How Do You Know When to Drill?

Knowing 'Everything' Is Not the Point

How much information is enough when you're drilling an exploration well?

The standard answer might be, "A little bit more," or "You can never have too much information."

But the exploration expert would say, "Just enough, and not a bit beyond that."

Marlan W. Downey became Shell's youngest chief geologist, served as the company's first Alaska Division exploration manager and later led worldwide exploration efforts as president of Pecten International and also Arco International Oil and Gas.

In his industry career, he sometimes found an exploration team searching for information instead of searching for hydrocarbons.

"That's when I tell staff, 'We're not here to learn. We're here to make money finding oil,'" Downey said.

When Enough Is Enough

Ted Beaumont operates TriOks, a one-man, independent prospect-generating company in Tulsa. A former science director for AAPG, he's building a career on exploration success.

Beaumont not only has to find the key to a play, he has to develop the information to support it and convince someone to drill it.

"If you have a lot of information that really confirms an idea, if they can see that, you can get people to buy it," he said. "Even when times are tough, you can get that done. Information is critical."

Knowing exactly what information matters, and how much to gather, might seem to be more art than science. But Downey said science has taken a hard look at the process of compiling information.

"There's already a fair amount of studies and mathematical analysis about the value of incremental information," he observed.

Developing information costs money. Any added increment of information costs more than the previous increment, because the most accessible and least-expensive information tends to be acquired first.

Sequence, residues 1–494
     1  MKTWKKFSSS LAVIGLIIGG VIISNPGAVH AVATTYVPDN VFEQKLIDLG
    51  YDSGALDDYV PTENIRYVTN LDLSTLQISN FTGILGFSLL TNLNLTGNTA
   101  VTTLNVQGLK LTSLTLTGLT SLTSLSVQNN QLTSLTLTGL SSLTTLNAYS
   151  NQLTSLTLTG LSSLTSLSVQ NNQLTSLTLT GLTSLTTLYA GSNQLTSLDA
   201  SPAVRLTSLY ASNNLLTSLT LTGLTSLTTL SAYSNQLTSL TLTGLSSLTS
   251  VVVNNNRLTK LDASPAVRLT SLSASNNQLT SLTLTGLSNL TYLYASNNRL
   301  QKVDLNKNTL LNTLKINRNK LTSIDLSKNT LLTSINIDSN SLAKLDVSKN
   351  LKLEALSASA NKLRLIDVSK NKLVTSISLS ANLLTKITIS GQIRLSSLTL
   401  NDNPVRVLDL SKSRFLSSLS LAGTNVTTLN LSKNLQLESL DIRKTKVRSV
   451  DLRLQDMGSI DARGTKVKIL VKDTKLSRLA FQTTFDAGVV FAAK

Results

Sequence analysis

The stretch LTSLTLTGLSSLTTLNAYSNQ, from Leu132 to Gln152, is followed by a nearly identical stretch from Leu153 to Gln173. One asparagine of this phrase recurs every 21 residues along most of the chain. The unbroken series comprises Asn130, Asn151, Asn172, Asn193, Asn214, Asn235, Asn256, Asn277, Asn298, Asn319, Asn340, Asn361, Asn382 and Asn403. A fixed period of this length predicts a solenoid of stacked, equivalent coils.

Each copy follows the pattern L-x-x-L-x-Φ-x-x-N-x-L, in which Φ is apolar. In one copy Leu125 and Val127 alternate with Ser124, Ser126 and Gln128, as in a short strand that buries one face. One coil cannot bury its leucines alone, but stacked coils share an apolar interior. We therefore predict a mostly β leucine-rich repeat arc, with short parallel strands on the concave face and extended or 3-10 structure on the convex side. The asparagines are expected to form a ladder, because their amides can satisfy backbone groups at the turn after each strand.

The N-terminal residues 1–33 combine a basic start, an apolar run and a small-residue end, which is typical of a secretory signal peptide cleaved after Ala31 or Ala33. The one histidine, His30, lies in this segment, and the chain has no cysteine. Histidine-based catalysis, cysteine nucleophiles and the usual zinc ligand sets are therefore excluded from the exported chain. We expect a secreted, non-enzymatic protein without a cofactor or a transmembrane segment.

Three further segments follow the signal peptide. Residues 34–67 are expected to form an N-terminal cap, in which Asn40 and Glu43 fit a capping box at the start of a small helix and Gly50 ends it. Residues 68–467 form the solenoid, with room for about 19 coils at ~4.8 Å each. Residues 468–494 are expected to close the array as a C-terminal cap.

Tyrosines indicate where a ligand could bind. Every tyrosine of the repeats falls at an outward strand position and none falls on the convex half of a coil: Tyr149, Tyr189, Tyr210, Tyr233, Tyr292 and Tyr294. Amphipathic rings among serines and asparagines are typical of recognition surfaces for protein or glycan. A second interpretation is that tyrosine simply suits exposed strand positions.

The cost of added information can be weighed against its value in solving a problem. And should be.

Downey became a professor in the University of Oklahoma's School of Geology and Geophysics, was chief scientist at the university's Sarkeys Energy Center and has served as AAPG president.

His work on the scientific method in exploration led to an assessment of incremental information. The value of adding information in exploration can be defined to a limit, according to Downey.

"Very simply, that is when the new information no longer changes in a significant way the picture that you have," he said. "That's a nice, simple way of looking at it."

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How much information is enough when you're drilling an exploration well?

The standard answer might be, "A little bit more," or "You can never have too much information."

But the exploration expert would say, "Just enough, and not a bit beyond that."

Marlan W. Downey became Shell's youngest chief geologist, served as the company's first Alaska Division exploration manager and later led worldwide exploration efforts as president of Pecten International and also Arco International Oil and Gas.

In his industry career, he sometimes found an exploration team searching for information instead of searching for hydrocarbons.

"That's when I tell staff, 'We're not here to learn. We're here to make money finding oil,'" Downey said.

When Enough Is Enough

Ted Beaumont operates TriOks, a one-man, independent prospect-generating company in Tulsa. A former science director for AAPG, he's building a career on exploration success.

Beaumont not only has to find the key to a play, he has to develop the information to support it and convince someone to drill it.

"If you have a lot of information that really confirms an idea, if they can see that, you can get people to buy it," he said. "Even when times are tough, you can get that done. Information is critical."

Knowing exactly what information matters, and how much to gather, might seem to be more art than science. But Downey said science has taken a hard look at the process of compiling information.

"There's already a fair amount of studies and mathematical analysis about the value of incremental information," he observed.

Developing information costs money. Any added increment of information costs more than the previous increment, because the most accessible and least-expensive information tends to be acquired first.